Debt Relief

U.S. weighs raising nations’ debt relief

The Bush administration is exploring proposals to significantly expand debt relief to some of the world’s poorest countries, including forgiving all existing debt, Treasury Secretary John Snow said Thursday.

The issue is expected to be high on the agenda at Friday’s meeting of finance officials from the world’s most industrialized countries.

“Grants and debt relief must be significantly increased – we are considering more options to do so, including those that would provide up to 100 percent debt relief and grants,” Snow said. He didn’t provide details. Specifics of how a possible expansion of debt relief would work will be discussed at the finance meetings, he said.

Snow made his remarks in a speech to a group honoring the 20th anniversary of the Bretton Woods Committee, a nonprofit organization involved in increasing the understanding of international financial and development issues as well the role of the International Monetary Fund and World Bank.

The IMF and World Bank run a program that provides some debt relief to poor countries. Twenty-seven countries have been approved for debt-reduction packages – 23 of those are in Africa. Uganda, Bolivia and Ethiopia are among the countries already getting debt relief.

“I am working with my colleagues in the G7 . . . to achieve a consensus on the best way to solve the debt sustainability problem and ensure that our reforms only result in greater, not fewer, resources to poor countries,” Snow said.

Finance ministers and central bank chiefs from the United States, Britain, Canada, France, Germany, Italy and Japan – the Group of Seven richest countries – meet Friday. The International Monetary Fund and the World Bank hold annual meetings over the weekend.

“I think this can be done in ways that are not highly costly,” Snow said of the expanded debt relief issue in response to questions. “But I would rather focus on the bigger issue . . . because if we want – as I think we all do – a path to better performance of these low income countries, it seems to me that we have to start by saying, ‘Let’s get out of this bad paradigm we’re in, where we are piling debt on them that is not sustainable and denying them, therefore, access to the private markets that are essential to the long term’,” Snow said.

His comments on expanded debt relief were welcomed by groups pushing for full debt forgiveness for poor countries. “We are encouraged to see U.S. support for full debt cancellation and urge the United States to work with other G7 nations to come to a deal on how to finance debt cancellation,” said Neil Watkins, spokesman for Jubilee USA Network.

British Chancellor of the Exchequer Gordon Brown has said that Britain is willing to finance 10 percent of the cost of canceling the debt of the world’s poorest countries, hoping to attract similar offers from other rich nations.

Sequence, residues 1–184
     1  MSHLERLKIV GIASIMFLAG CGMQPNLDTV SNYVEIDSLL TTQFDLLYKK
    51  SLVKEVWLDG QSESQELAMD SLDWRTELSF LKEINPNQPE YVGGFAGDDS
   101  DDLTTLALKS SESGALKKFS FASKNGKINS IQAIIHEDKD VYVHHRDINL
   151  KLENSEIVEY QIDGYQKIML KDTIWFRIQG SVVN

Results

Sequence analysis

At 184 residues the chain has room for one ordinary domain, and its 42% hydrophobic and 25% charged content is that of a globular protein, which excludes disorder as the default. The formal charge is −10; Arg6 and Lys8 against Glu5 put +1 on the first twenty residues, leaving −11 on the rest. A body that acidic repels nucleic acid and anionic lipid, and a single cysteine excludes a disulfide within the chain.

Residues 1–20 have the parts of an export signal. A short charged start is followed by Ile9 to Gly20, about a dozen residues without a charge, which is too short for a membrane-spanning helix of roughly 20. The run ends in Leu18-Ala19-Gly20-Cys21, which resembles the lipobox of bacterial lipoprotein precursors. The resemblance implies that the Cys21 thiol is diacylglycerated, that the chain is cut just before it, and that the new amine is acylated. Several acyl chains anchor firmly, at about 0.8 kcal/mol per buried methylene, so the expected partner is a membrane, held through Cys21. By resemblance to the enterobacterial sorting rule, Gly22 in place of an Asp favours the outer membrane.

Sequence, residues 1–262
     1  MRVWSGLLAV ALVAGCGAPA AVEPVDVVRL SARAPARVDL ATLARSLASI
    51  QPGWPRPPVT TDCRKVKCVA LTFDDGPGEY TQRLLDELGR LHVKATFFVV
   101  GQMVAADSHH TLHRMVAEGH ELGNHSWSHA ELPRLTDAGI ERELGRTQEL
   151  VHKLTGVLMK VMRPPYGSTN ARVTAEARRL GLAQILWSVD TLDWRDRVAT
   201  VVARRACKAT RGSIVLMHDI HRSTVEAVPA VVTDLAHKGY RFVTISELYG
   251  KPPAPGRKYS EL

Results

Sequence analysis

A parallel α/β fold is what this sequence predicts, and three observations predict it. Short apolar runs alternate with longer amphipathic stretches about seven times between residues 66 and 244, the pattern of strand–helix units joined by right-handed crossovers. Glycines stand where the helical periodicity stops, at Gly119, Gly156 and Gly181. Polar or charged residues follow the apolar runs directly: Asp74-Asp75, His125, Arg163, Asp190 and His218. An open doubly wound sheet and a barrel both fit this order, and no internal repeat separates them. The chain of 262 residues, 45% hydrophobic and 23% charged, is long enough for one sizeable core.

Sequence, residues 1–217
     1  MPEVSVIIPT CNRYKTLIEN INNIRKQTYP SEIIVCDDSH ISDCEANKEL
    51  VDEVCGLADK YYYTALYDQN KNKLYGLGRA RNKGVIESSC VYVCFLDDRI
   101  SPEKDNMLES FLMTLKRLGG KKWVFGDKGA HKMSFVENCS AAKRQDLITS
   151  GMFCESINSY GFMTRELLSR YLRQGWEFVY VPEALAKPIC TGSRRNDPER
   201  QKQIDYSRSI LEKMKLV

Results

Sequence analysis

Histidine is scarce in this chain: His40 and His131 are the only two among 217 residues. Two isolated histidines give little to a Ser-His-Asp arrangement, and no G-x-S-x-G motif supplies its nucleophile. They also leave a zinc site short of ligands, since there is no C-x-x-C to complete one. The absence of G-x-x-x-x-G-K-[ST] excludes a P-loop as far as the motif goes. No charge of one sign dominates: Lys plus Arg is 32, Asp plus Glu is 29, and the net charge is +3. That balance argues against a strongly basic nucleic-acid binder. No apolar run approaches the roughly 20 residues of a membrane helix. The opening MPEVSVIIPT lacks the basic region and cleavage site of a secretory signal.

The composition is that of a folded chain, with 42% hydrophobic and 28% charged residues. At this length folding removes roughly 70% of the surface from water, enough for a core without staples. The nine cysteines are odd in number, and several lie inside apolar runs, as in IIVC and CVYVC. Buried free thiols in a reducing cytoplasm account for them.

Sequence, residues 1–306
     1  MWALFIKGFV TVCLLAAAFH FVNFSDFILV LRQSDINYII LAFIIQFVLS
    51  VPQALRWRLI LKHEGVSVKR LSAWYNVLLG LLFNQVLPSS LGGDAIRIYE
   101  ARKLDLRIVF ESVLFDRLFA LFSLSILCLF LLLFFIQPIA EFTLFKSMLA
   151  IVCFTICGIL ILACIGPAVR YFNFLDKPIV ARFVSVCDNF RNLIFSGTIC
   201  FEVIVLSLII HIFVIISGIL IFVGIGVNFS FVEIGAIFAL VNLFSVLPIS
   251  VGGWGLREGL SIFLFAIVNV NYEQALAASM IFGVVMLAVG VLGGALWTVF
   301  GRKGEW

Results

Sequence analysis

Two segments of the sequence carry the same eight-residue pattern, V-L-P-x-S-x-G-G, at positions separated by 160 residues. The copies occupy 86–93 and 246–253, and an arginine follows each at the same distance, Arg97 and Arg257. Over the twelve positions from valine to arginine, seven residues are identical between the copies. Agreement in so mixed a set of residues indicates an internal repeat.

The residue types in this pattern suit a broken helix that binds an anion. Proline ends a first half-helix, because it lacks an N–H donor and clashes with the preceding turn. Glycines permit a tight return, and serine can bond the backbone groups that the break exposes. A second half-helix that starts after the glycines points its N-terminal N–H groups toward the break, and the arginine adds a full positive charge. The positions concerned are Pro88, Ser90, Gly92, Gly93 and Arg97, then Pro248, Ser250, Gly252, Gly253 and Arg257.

Brown also has called on the IMF to revalue its vast gold reserves and use the increased income to finance the IMF share of debt relief. Debt relief groups contend that if the IMF revalued its gold reserves at current market prices it would boost this asset from $8 billion to $40 billion, freeing up $32 billion that it could devote to debt relief.

“The IMF is sitting on billions of dollars worth of gold they neither need nor use,” said Max Lawson, a policy adviser for Oxfam, the international relief agency.

World Bank President James Wolfensohn told reporters his lending agency supported the U.S. drive to provide more World Bank support to the world’s poorest countries through grants which don’t have to be repaid rather than loans. But he said for this to occur, rich countries needed to replace the lost income from loan repayments with greater financial support.

“It would be much more comfortable for us to give grants so long as someone gives us the money to give grants,” said Wolfensohn, adding that he was eager to hear what new proposals Snow would be making in this area.

Snow was meeting later Thursday with top Chinese economic officials and China has been invited to meet with G-7 finance officials for the first time over dinner Friday night.

President Bush has been accused by Democratic presidential challenger John Kerry of failing to do enough to address America’s soaring trade deficit with China, blamed for the loss of thousands of American manufacturing jobs.

The administration has been increasing pressure on China to stop linking its currency to the value of the dollar, a practice that U.S. manufacturers contend has resulted in a yuan that is undervalued by as much as 40 percent, giving Chinese companies a big competitive advantage over American firms.

In his speech, Snow struck an optimistic note about the world’s economic health. “No major economy is in recession or facing high inflation,” he said. “I am optimistic that the positive track we are on will continue, but this is not the time to be complacent.”

Police stepped up security for the weekend meetings amid continued threat of terrorist attacks against some financial institutions. Certain streets will be closed to all automobile traffic and some parking garages will be emptied of cars.

Forbes.com, September 30, 2004

Categories: Debt Relief, Odious Debts

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